Listeria is a genus of bacteria that, until 1992, contained 10 known species, each containing two subspecies. As of 2019, 20 species were identified. Named after the British pioneer of sterile surgery Joseph Lister, the genus received its current name in 1940. Listeria species are Gram-positive, rod-shaped, facultatively anaerobic, do not produce endospores; the major human pathogen in the genus Listeria is L. monocytogenes. It is the causative agent of the rare bacterial disease listeriosis, an infection caused by eating food contaminated with the bacteria. Listeriosis can cause serious illness in pregnant women, adults with weakened immune systems and the elderly, may cause gastroenteritis in others who have been infected. Listeriosis is a serious disease for humans; the two main clinical manifestations are sepsis and meningitis. Meningitis is complicated by encephalitis, when it is known as meningoencephalitis, a pathology, unusual for bacterial infections. L. ivanovii is a pathogen of mammals ruminants, has caused listeriosis in humans.
The incubation period can vary between 70 days. The first documented case of listeriosis was in 1924. In the late 1920s, two researchers independently identified L. monocytogenes from animal outbreaks. They proposed the genus Listerella in honor of surgeon and early antiseptic advocate Joseph Lister, but that name was in use for a slime mold and a protozoan; the genus Listeria was proposed and accepted. All species within the genus Listeria are Gram-positive, catalase-positive rods and do not produce endospores; the genus Listeria was classified in the family Corynebacteriaceae through the seventh edition of Bergey's Manual of Systematic Bacteriology. The 16S rRNA cataloging studies of Stackebrandt, et al. demonstrated that L. monocytogenes is a distinct taxon within the Lactobacillus-Bacillus branch of the bacterial phylogeny constructed by Woese. In 2004, the genus was placed in the newly created family Listeriaceae; the only other genus in the family is Brochothrix. The genus Listeria contains 20 species: L. aquatica, L. booriae, L. cornellensis, L. costaricensis, L. goaensis, L. fleischmannii, L. floridensis, L. grandensis, L. grayi, L. innocua, L. ivanovii, L. marthii, L. monocytogenes, L. newyorkensis, L. riparia, L. rocourtiae, L. seeligeri, L. thailandensis, L. weihenstephanensis, L. welshimeri.
Listeria dinitrificans thought to be part of the genus Listeria, was reclassified into the new genus Jonesia. Under the microscope, Listeria species appear as small rods, which are sometimes arranged in short chains. In direct smears, they may be coccoid, so they can be mistaken for streptococci. Longer cells may resemble corynebacteria. Flagella are produced at room temperature, but not at 37 °C. Hemolytic activity on blood agar has been used as a marker to distinguish L. monocytogenes from other Listeria species, but it is not an definitive criterion. Further biochemical characterization may be necessary to distinguish between the different species of Listeria. Listeria can be found in soil. Animals can be carriers. Listeria has been found in uncooked meats, uncooked vegetables, fruit such as rockmelon and apples, pasteurized or unpasteurized milk, foods made from milk, processed foods. Pasteurization and sufficient cooking kill Listeria. For example, meat-processing plants producing ready-to-eat foods, such as hot dogs and deli meats, must follow extensive sanitation policies and procedures to prevent Listeria contamination.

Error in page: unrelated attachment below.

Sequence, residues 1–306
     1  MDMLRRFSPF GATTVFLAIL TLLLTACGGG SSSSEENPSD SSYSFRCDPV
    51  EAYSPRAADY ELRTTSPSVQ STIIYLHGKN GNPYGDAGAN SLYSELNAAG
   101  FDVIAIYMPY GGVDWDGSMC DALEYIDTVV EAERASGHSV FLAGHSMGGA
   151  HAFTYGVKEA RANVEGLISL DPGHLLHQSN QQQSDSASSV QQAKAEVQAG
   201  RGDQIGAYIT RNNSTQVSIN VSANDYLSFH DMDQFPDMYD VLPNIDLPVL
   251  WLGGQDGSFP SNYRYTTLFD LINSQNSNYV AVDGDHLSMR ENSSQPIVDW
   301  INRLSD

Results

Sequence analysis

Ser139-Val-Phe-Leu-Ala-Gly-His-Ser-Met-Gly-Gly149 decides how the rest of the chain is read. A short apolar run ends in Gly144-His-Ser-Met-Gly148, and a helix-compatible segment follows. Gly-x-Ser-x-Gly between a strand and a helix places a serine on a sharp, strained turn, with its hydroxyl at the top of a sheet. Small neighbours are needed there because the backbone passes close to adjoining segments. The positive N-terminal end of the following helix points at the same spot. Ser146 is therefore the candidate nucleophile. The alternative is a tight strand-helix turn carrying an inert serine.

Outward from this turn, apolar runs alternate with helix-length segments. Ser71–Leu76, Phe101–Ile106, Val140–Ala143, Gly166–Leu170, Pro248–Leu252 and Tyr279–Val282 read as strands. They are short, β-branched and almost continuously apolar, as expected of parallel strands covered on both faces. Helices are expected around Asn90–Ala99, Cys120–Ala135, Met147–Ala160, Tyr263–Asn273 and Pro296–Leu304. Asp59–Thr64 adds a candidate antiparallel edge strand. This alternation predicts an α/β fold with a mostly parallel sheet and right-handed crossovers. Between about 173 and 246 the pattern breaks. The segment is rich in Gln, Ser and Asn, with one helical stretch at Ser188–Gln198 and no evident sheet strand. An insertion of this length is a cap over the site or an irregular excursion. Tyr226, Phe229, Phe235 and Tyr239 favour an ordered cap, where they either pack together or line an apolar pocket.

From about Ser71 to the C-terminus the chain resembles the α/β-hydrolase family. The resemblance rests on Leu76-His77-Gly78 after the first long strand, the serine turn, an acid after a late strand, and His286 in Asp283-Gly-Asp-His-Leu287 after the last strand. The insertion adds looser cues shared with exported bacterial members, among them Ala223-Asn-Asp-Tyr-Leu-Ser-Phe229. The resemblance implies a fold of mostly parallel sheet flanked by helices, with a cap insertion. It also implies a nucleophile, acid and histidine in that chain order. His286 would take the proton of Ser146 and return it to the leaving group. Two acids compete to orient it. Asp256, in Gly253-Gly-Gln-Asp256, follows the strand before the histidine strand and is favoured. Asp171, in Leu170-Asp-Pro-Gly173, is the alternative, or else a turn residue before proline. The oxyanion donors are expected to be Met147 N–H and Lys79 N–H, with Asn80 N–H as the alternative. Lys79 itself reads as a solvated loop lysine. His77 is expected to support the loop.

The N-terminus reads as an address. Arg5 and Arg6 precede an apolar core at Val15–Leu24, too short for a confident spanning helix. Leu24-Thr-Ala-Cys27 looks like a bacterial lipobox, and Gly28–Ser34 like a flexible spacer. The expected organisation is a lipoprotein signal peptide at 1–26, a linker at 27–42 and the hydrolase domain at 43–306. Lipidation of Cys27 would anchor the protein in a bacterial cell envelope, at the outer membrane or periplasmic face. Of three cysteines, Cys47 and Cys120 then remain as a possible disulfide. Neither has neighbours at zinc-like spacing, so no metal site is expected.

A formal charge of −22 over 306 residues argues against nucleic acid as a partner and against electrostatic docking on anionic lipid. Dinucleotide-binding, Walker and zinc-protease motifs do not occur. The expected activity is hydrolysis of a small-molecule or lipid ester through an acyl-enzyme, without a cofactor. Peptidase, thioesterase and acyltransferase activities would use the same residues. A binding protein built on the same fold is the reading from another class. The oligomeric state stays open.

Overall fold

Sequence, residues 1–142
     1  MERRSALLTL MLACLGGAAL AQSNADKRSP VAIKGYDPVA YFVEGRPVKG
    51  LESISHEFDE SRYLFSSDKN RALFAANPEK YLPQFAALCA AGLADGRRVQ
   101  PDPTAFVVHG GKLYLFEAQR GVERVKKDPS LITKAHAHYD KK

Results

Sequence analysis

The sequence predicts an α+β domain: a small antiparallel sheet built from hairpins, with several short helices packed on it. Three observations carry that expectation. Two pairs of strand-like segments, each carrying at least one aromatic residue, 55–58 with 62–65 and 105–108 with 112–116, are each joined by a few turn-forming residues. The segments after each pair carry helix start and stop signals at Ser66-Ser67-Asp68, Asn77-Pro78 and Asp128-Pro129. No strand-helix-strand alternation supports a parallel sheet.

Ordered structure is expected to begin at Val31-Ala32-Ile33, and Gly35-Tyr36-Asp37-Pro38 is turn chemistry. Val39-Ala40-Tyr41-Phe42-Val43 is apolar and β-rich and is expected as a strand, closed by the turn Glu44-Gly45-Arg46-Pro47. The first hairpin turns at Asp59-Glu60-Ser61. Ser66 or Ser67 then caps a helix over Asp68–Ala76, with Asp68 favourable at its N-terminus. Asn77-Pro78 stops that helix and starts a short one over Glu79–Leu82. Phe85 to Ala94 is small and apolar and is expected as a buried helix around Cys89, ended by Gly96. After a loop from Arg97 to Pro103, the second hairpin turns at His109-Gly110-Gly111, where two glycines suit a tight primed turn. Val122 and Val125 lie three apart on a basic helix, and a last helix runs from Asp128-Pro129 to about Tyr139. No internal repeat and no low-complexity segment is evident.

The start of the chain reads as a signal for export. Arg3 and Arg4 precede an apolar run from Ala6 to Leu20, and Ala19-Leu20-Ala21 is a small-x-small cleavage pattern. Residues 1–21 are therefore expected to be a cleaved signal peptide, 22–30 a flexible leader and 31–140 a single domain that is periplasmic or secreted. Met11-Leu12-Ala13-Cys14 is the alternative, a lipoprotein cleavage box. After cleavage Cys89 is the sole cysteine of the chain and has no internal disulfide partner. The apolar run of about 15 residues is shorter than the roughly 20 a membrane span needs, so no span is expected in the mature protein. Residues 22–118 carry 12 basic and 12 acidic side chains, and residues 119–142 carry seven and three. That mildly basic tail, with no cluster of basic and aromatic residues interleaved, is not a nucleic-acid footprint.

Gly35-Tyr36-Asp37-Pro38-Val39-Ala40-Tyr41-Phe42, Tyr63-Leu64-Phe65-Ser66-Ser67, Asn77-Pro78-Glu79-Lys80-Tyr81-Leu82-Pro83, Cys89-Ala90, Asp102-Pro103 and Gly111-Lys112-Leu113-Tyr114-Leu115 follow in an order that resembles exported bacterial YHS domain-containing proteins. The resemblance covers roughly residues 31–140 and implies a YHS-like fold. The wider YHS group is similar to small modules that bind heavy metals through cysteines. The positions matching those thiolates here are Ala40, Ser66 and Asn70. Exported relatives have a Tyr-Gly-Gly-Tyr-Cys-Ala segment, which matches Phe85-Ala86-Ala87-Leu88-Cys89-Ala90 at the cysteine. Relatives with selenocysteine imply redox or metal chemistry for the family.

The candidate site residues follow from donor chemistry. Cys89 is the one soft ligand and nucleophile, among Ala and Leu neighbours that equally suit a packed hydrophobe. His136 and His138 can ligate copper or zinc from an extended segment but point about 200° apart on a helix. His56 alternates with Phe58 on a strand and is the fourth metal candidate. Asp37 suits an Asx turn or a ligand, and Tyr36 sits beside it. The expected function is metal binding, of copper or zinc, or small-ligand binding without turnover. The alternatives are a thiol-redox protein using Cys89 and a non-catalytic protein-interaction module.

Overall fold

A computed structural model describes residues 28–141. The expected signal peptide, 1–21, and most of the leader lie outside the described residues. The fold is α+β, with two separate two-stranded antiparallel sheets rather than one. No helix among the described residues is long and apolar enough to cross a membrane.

Listeria monocytogenes is found in soil, stream water, sewage and food. Listeria is responsible for listeriosis, a rare but lethal foodborne illness; the case fatality rate for those with a severe form of infection may approach 25%. Although L. monocytogenes has low infectivity, it is hardy and can grow in temperatures from 4 °C to 37 °C. Listeriosis is a serious illness, the disease may manifest as meningitis, or affect newborns due to its ability to penetrate the endothelial layer of the placenta. Listeria uses the cellular machinery to move around inside the host cell, it induces directed polymerization of actin by the ActA transmembrane protein, thus pushing the bacterial cell around. L. Monocytogenes, for example, encodes virulence genes; the expression of virulence factor is optimal at 39 °C, is controlled by a transcriptional activator, PrfA, whose expression is thermoregulated by the PrfA thermoregulator UTR element. At low temperatures, the PrfA transcript is not translated due to structural elements near the ribosome binding site.
As the bacteria infect the host, the temperature of the host melts the structure and allows translation initiation for the virulent genes. The majority of Listeria bacteria are targeted by the immune system before they are able to cause infection; those that escape the immune system's initial response, spread through intracellular mechanisms and are, guarded against circulating immune factors. To invade, Listeria induces macrophage phagocytic uptake by displaying D-galactose in their teichoic acids that are bound by the macrophage's polysaccharide s. Other important adhesins are the internalins. Listeria uses internalin B to bind to cellular receptors. Internalin A binds to E-cadherin. If both of these receptors have a high enough aff